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Backing the Blues

The Moody Blues call on a Tampa Bay pops orchestra to help lend a classical feel to Sunday's show at the Ice Palace.

When the Moody Blues recorded Days of Future Passed in 1967, it was nearly two years before the album, one of rock's greatest "concept" recordings, finally flexed its muscle on the charts. For those who don't own a copy, complete with Nights in White Satin, the "concept" is classical music.

The London Philharmonic had as much to do with the album's sound as the Moody Blues. But it marked the beginning of the band's infatuation with elaborate orchestral arrangements, now a trademark of its live performances.

No Moody Blues concert is complete without a giant orchestra backing the band. Such lush requirements come with obvious problems. The main one: where to find an orchestra.

Larry Baird, conductor for the Moody Blues, writes arrangements for 55 players. Since touring with such a large ensemble is nearly impossible, those arrangements usually land in the laps of local companies.

And last week, the lap belonged to Robert Romanski, music director of the Tampa Bay Mostly Pops Orchestra. Sunday's Ice Palace show will be one of the largest concerts Mostly Pops has played to date.

"It's not on the difficulty level of Mahler, but it's not fluff," Romanski said about the score, which serves mainly to color the rock 'n' roll music played by the band. "I look forward having 10,000 people see what the group can do."

Though Mostly Pops has been around for 12 years, it is largely overshadowed by the Florida Orchestra, which performed with the Moody Blues the last time the group appeared in town, at Legends Field.

For Romanski, selecting the Pops for a rock concert is a natural choice over the Florida Orchestra, which plays almost entirely classical music and is more at home in local concert halls. The Pops is a bay area staple at fireworks displays and outdoor venues, playing a repertoire Arthur Fiedler would have loved and taking a more casual approach to acoustic problems and environmental conditions.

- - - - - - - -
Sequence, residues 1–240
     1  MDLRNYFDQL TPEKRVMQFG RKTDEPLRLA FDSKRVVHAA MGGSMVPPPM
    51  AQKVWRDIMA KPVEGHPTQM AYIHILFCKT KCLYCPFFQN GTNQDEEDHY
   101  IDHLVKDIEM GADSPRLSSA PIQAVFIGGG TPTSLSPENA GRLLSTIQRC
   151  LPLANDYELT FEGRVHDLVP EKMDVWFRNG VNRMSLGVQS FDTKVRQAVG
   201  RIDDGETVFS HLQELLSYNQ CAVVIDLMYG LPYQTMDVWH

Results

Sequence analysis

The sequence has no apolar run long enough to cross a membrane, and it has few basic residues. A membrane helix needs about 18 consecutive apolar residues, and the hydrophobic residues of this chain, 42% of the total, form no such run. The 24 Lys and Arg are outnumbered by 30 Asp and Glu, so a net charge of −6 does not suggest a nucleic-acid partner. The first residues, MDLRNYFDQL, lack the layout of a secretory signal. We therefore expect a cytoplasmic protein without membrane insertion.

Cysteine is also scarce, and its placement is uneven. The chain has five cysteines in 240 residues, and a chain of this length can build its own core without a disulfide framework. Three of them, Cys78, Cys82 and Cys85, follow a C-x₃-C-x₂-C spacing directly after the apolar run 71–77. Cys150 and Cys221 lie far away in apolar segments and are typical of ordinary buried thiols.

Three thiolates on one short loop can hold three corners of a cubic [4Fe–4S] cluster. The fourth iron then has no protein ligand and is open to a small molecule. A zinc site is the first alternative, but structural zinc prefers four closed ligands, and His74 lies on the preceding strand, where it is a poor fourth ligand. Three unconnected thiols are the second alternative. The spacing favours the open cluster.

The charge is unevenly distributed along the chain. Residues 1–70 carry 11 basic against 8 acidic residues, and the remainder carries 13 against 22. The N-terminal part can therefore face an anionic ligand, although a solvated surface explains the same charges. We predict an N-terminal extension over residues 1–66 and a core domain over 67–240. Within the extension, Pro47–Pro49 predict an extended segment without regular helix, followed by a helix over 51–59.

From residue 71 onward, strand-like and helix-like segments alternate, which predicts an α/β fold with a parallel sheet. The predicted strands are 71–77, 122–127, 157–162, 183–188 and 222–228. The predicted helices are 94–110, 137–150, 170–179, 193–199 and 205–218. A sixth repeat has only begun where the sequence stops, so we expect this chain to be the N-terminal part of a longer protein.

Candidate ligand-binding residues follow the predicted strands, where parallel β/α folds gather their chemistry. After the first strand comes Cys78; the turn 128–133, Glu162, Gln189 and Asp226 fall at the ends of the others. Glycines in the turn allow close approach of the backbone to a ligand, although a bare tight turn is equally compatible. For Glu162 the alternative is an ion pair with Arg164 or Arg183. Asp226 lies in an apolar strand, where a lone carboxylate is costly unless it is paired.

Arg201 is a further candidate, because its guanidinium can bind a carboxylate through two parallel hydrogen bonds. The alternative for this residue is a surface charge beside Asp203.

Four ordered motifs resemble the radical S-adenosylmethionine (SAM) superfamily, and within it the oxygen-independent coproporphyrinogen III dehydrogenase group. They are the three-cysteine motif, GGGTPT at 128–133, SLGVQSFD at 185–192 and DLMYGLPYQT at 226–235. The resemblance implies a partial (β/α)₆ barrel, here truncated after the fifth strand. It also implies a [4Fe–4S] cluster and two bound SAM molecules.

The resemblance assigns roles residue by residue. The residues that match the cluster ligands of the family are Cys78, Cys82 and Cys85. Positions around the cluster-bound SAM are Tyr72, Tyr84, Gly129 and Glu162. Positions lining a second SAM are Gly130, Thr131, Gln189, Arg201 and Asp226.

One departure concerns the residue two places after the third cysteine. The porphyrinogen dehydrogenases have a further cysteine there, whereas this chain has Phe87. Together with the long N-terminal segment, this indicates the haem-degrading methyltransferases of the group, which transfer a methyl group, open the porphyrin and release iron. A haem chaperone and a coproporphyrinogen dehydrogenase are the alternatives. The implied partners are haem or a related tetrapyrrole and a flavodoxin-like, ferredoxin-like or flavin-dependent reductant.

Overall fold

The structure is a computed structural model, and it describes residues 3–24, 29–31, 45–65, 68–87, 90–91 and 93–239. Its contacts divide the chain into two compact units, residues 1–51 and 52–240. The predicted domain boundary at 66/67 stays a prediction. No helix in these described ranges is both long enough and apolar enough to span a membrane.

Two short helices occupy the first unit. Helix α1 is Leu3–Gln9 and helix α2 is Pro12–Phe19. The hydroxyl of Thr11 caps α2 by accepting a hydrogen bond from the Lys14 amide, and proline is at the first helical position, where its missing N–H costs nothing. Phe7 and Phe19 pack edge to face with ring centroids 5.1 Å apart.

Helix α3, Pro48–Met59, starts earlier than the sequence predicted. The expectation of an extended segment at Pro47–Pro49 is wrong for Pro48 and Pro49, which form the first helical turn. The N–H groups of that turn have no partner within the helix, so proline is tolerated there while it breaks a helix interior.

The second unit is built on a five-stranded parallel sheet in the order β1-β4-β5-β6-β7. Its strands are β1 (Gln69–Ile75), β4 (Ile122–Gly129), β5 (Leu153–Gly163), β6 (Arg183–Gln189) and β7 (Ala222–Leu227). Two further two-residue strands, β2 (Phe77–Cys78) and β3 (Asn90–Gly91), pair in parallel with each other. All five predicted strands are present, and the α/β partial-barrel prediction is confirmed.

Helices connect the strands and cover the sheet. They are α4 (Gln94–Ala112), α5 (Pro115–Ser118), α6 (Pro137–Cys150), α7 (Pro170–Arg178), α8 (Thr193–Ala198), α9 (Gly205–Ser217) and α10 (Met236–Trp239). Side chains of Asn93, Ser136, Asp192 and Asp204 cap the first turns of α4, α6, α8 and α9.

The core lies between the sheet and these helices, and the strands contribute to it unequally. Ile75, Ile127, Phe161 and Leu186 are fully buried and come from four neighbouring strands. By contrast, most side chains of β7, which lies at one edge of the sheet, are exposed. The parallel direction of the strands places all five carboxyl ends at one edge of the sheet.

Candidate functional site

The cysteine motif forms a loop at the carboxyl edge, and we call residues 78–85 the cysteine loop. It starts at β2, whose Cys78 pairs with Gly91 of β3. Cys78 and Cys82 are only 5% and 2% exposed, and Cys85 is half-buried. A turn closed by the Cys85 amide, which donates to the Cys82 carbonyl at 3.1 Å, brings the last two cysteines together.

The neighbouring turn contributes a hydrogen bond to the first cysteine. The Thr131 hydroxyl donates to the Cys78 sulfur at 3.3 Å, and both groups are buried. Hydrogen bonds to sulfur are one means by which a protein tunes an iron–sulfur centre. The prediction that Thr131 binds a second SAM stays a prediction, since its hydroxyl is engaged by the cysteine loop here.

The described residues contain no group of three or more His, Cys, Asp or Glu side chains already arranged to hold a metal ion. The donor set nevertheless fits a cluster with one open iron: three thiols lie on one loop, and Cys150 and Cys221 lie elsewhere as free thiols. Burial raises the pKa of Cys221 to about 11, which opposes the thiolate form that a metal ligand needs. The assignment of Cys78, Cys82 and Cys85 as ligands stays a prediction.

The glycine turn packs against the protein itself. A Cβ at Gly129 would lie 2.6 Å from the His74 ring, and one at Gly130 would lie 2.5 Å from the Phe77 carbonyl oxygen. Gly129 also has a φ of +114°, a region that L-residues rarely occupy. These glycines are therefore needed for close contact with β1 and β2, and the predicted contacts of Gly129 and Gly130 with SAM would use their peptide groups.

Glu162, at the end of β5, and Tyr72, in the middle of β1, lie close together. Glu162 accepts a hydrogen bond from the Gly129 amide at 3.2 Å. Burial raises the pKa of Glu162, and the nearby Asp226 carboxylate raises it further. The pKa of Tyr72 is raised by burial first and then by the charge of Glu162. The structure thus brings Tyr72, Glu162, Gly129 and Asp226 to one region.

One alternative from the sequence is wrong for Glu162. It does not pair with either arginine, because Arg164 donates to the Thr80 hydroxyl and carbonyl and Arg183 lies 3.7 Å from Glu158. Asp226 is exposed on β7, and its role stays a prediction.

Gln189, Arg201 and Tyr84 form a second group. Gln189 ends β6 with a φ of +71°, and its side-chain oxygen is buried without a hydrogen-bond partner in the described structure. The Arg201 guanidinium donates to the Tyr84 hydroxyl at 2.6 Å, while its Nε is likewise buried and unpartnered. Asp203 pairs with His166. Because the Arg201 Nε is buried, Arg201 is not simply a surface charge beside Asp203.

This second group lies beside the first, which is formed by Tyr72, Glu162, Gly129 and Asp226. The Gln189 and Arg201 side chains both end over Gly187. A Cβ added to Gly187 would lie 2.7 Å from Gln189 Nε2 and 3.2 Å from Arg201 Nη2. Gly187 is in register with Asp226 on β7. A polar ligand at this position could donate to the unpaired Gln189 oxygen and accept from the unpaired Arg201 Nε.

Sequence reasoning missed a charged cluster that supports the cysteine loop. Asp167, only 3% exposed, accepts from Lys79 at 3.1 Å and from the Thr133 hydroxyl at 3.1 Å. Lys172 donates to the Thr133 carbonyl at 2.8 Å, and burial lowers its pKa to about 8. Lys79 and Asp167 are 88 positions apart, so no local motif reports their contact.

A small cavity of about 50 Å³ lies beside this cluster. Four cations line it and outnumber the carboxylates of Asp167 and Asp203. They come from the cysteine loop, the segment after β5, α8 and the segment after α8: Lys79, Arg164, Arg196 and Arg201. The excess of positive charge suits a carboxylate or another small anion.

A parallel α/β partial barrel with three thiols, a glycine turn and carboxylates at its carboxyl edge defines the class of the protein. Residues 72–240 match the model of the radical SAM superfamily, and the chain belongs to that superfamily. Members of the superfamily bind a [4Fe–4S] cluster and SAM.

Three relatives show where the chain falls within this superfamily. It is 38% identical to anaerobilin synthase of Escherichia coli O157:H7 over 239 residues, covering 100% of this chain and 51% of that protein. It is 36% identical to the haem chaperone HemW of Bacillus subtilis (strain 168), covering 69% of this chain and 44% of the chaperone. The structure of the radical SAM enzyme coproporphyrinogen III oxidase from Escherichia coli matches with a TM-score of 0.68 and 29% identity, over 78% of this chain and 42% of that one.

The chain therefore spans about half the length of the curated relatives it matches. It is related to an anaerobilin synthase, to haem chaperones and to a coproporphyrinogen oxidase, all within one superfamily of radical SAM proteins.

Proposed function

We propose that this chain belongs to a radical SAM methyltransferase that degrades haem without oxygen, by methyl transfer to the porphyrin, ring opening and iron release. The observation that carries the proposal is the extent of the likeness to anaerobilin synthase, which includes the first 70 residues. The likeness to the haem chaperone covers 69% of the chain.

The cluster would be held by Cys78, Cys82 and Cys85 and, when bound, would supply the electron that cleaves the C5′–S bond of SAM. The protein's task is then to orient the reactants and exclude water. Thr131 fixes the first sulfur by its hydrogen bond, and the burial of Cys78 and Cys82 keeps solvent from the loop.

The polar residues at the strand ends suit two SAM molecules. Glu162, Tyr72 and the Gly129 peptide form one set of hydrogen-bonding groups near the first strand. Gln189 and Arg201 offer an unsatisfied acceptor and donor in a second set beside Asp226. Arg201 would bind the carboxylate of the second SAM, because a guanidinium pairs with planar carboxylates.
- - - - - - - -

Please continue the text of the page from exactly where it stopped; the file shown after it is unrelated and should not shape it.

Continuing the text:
"The Mostly Pops is a band of chameleons," Romanski said. "Our musicians come from extensive classical training, but we play basically lighthearted, popular music. People in the audience are going to think we tour with the band, or at least that we've been practicing for a week."

The orchestra will actually have one rehearsal, at 3 p.m. Sunday, before the show. Romanski, who will be playing trumpet while Baird conducts, says that a single two-hour rehearsal isn't unusual for local musicians who get called to perform at rock concerts or at Broadway touring shows.

"A lot of people don't realize when they see shows such as Tony Bennett who comes with a big band, that most of that band are local musicians," Romanski said. "It's obviously a lot more cost-effective."

After a casual look over Baird's score, Romanski says the only problems that the orchestra might run into are kinks in the new arrangements. About five tunes on the score are from the Moodies' new album, Strange Times, set for release Tuesday. That means the orchestras playing the early half of the tour may be the ones to work out the bugs in the score.

"The arrangements are so expertly done that I can't imagine too many problems," Romanski said. "The Moody Blues are very unique in the regard of having live orchestras at all their live concerts. There is something about having a symphony orchestra that appeals to the band. I hope that more groups start bringing in classical music."